Looping over a list creating a new list

i am at the course “learn python 3”. in the exercise about carlys clippers (https://www.codecademy.com/courses/learn-python-3/projects/carlys-clippers)
i did write the following code:
hairstyles = [“bouffant”, “pixie”, “dreadlocks”, “crew”, “bowl”, “bob”, “mohawk”, “flattop”]
prices = [30, 25, 40, 20, 20, 35, 50, 35]
new_lst =
for i in prices:
if i < 30:

why does it return: [‘pixie’, ‘crew’, ‘crew’]
and not: [‘pixie’, ‘crew’, ‘bowl’]

How do you reach bowl as the third item? And, when you do that, is that what you want it to be doing, or what you reach when doing what it says in your code? (Make sure you’re not ignoring the code when reading it, and instead “reading” what you think it does)

You should probably not be searching for values in your list, isn’t it positions that you’re interested in? So use the positions, not the values.

You should also generally not split up your data into multiple lists. Make a group out of each data point instead, and then make a list of data points.

in the exercise those two lists are given. so your advice would be to transform them into a dictionary?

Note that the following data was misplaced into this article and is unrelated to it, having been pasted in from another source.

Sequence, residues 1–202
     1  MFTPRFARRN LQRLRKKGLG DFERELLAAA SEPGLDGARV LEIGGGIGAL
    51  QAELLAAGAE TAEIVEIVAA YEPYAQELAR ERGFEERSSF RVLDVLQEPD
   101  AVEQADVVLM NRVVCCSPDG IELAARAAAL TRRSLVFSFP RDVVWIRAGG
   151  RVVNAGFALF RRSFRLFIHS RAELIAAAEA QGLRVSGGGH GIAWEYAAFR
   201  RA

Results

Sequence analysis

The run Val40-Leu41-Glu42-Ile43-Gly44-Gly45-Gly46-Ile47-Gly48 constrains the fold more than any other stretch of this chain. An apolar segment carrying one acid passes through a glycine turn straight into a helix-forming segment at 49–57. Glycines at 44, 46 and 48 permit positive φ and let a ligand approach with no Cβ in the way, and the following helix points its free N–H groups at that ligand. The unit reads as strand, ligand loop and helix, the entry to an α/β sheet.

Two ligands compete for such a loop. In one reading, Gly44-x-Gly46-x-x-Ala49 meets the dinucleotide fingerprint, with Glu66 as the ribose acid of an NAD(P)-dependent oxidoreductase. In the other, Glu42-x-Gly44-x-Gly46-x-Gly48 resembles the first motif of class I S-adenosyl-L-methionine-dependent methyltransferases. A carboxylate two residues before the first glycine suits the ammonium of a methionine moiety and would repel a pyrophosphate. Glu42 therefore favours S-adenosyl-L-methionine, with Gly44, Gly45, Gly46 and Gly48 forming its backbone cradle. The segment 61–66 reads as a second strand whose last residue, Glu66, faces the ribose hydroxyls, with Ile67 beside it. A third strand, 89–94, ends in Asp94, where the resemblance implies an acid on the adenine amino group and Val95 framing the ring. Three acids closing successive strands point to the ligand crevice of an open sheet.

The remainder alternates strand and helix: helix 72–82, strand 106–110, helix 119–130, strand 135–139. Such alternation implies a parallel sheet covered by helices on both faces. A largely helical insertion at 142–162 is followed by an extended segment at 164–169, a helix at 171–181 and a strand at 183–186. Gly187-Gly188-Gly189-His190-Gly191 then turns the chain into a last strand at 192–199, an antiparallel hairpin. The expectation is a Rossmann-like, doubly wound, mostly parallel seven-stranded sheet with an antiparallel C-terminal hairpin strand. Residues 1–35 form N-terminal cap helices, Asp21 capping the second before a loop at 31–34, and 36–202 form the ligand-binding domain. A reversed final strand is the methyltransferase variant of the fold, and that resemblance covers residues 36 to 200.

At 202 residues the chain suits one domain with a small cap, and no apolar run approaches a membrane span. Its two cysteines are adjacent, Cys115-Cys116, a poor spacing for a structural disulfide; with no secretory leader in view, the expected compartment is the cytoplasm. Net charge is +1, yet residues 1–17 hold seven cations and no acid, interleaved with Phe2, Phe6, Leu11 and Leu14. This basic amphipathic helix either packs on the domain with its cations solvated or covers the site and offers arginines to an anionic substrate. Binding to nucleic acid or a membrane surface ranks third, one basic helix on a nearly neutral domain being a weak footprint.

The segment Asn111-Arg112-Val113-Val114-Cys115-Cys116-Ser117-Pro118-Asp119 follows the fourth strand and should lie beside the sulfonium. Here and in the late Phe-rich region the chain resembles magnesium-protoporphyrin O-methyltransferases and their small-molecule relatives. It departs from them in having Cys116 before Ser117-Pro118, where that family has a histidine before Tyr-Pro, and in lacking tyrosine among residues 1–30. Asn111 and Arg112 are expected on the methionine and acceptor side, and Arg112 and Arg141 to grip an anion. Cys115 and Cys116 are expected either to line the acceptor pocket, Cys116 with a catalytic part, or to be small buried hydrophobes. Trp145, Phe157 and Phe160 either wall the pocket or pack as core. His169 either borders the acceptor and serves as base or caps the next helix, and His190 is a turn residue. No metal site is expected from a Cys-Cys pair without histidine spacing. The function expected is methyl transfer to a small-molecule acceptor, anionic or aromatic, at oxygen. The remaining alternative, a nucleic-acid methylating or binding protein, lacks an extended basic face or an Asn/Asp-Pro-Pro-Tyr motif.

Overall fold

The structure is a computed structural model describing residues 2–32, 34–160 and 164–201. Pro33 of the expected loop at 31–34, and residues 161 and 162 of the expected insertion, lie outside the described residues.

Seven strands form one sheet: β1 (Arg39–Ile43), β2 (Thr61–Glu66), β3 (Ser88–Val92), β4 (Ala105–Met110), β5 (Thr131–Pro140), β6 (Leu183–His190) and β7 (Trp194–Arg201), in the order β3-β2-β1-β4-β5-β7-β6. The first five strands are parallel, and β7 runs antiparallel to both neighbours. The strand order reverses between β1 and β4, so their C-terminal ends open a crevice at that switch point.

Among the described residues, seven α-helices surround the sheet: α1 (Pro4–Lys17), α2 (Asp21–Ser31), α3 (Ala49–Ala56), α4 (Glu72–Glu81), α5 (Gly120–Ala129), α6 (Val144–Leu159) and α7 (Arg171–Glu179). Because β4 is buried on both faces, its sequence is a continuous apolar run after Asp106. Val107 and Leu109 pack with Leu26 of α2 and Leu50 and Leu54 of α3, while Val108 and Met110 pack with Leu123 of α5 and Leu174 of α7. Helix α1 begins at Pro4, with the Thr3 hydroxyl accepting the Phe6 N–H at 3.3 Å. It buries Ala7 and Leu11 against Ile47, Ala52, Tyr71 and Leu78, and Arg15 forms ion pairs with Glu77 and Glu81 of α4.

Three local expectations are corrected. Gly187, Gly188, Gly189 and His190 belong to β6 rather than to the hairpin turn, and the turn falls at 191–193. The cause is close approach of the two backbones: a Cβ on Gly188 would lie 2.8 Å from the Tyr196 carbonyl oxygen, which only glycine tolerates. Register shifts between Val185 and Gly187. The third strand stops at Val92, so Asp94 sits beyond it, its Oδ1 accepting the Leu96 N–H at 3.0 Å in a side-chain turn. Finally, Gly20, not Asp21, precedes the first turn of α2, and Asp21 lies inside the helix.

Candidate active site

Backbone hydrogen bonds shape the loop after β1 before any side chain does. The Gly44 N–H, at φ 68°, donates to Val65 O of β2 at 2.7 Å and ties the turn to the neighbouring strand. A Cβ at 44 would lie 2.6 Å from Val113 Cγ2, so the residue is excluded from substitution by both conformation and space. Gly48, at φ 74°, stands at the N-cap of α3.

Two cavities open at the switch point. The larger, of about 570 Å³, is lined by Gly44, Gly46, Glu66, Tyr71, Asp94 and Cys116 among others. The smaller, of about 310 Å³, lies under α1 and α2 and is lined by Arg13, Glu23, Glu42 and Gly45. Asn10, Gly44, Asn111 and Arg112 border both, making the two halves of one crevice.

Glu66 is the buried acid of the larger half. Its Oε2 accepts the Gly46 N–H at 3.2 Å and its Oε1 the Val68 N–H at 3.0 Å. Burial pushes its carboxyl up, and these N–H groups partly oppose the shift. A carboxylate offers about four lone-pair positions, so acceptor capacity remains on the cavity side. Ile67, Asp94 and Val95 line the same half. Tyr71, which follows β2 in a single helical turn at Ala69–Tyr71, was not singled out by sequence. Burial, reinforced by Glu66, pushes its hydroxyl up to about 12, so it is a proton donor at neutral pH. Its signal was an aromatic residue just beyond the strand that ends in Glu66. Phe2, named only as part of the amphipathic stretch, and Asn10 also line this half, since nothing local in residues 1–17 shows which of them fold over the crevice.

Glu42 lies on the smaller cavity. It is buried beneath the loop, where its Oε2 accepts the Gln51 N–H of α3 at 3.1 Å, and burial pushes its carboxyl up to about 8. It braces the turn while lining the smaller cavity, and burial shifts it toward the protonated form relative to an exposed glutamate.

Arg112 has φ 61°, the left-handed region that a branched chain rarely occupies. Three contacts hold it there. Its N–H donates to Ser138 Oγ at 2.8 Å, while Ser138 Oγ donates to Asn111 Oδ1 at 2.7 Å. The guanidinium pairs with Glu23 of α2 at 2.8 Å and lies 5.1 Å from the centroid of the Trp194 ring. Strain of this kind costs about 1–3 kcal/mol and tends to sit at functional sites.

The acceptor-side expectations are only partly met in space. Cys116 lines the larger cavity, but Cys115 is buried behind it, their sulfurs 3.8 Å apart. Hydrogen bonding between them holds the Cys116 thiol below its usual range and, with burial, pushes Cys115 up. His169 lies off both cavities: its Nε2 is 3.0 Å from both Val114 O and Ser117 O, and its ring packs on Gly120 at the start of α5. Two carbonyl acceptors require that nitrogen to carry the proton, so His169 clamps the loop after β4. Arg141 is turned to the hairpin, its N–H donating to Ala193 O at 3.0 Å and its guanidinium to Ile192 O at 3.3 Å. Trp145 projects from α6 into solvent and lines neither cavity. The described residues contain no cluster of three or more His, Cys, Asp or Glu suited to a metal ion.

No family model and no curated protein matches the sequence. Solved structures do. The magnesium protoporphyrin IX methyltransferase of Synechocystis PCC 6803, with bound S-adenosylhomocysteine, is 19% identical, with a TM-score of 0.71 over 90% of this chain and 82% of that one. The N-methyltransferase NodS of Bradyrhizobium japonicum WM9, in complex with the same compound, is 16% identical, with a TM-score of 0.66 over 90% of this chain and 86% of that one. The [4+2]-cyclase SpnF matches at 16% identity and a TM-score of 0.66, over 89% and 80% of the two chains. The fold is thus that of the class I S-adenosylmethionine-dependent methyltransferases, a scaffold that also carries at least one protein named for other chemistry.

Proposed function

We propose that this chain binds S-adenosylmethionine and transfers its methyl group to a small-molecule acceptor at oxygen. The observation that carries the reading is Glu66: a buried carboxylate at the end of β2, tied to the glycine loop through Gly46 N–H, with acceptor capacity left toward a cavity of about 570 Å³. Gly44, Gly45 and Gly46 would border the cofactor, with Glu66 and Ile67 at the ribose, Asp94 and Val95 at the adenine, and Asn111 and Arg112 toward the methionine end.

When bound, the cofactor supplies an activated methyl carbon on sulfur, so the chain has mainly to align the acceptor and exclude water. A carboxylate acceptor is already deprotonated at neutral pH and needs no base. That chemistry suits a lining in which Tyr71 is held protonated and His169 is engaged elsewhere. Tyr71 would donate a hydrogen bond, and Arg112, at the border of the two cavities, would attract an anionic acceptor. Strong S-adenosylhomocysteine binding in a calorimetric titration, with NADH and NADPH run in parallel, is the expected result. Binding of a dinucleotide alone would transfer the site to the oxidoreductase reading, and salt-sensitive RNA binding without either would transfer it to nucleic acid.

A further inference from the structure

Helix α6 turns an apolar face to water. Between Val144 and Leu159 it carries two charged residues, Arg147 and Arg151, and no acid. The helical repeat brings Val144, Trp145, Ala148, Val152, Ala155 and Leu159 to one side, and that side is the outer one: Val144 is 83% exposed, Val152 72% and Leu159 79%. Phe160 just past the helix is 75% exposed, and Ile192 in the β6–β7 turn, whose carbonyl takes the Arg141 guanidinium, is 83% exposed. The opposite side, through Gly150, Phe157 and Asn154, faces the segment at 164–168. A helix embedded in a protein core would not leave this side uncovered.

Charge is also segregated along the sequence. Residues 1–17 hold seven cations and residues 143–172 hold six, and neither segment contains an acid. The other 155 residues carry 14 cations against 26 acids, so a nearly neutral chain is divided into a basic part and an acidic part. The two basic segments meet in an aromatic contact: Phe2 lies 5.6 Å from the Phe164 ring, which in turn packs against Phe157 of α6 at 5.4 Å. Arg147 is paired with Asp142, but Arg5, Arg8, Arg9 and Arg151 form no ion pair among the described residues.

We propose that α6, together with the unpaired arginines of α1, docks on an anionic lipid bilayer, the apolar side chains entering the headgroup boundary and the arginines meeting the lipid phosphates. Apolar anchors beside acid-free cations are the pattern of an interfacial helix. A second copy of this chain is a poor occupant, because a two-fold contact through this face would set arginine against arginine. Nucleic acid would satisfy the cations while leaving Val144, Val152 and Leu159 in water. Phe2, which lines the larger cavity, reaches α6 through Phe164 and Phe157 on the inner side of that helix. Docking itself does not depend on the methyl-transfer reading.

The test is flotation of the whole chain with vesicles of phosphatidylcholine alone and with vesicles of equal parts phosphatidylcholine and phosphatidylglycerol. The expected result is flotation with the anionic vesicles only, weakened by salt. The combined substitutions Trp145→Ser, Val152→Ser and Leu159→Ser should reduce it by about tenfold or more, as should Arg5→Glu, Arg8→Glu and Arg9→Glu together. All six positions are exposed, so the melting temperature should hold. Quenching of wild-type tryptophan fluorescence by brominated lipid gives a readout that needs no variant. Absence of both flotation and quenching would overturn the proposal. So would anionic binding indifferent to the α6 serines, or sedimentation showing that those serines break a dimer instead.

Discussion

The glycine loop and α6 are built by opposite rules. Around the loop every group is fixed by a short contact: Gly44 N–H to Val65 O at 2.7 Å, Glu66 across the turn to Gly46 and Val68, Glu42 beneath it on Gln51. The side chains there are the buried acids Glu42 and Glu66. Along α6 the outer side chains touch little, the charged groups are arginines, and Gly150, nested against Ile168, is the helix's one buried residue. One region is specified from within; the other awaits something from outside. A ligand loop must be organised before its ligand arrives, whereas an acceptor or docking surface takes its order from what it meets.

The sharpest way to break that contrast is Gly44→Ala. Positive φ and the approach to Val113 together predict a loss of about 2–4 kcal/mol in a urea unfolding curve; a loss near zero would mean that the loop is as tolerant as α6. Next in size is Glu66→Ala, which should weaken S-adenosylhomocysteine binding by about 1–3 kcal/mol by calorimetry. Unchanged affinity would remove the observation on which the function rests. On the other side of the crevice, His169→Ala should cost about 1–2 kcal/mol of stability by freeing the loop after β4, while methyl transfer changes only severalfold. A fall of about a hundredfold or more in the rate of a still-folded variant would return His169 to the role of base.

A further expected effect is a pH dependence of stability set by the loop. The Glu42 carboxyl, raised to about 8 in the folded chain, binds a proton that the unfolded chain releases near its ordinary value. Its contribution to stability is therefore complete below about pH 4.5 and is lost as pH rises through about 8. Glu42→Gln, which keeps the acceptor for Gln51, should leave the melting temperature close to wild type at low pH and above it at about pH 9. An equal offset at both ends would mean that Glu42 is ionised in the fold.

That wouldn’t really help you if each group has more than two values, and you don’t need the lookup-by-key behaviour that dict has so it’s not really doing anything for you.

So it’s not a great match but, sure, it can represent pairs.

What you’re looking for is to create a group for each entry, not a thing to contain it all.

When you have groups you can put those groups in a list

namedtuple from collections module would be suitable. regular tuples would do the job too and are a bit more beginner friendly (but not quite as nice)
you’re already using a grouping datatype as well. list. having multiple types mixed in a list is a little bit weird, but not so weird in this context
creating your own datatype with attributes for those particular fields would work too, and is essentially what namedtuple does for you

you mean something along those lines:

list = [["A",0], ["B",1], ["C",0], ["D",2], ["E",2]]



ill give it a try
thanks for your help

The main argument against using lists (or tuples) is that you would now be referring to fields by their indices and that’s pretty awkward

It would be better to refer to them by field (name, price)

That’s what namedtuple provides:

>>> from collections import namedtuple
>>> Hairstyle = namedtuple('Hairstyle', ['name', 'price'])
>>> some_hair = Hairstyle('bouffant', 30)
>>> some_hair
Hairstyle(name='bouffant', price=30)
>>> some_hair.name
>>> some_hair.price

thank you so much i am busy with some other code that i want to finish atm but ill have a look at later today or tomorrow